They were accompanied by administration police officers, according to Wilson Ng’eno, who also lost his farm.

Government backing

The evictions had the backing of the ministry of lands.

“The decision to evict followed a six-month study by a government task force that looked into the problem of encroachment in the Mau forest,” said Mary Ngaruma, a spokesperson for the ministry of lands and housing.

She said the government has not ignored the plight of those evicted and will “work out a plan” to resettle people who can prove they have no other plots of land. It is not immediately clear how soon a solution will be found.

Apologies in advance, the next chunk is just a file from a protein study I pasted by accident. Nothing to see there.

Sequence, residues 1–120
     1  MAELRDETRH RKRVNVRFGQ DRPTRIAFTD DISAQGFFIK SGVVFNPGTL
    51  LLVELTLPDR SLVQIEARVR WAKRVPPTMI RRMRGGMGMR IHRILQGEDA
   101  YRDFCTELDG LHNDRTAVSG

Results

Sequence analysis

“We are sleeping in the open in shopping centres and churches. Some families are sharing homes with friends or relatives whose homes were not identified as part of the forest,” Ng’eno, a 55-year old father of eight, said.

“We are not receiving aid, yet when we go to our farms to harvest our maize and potatoes they beat us and rape the women. How are we expected to survive?” Ng’eno added.

The only significant aid so far has come from the KRCS. From June 24 to 26, the agency distributed blankets, tarpaulins, bed nets, soap, kitchen sets, jerry cans and an assortment of medicines and baby clothes to the evictees in Saptet and Ol Mekenyu villages in Narok district.

“We are planning additional relief assistance, especially to people camped in schools and the sick,” Mwangi said, adding that antibiotics, dewormers and basic immunisation drugs for infants and children are required. Sanitation facilities also have to be set up in areas where people have sought shelter.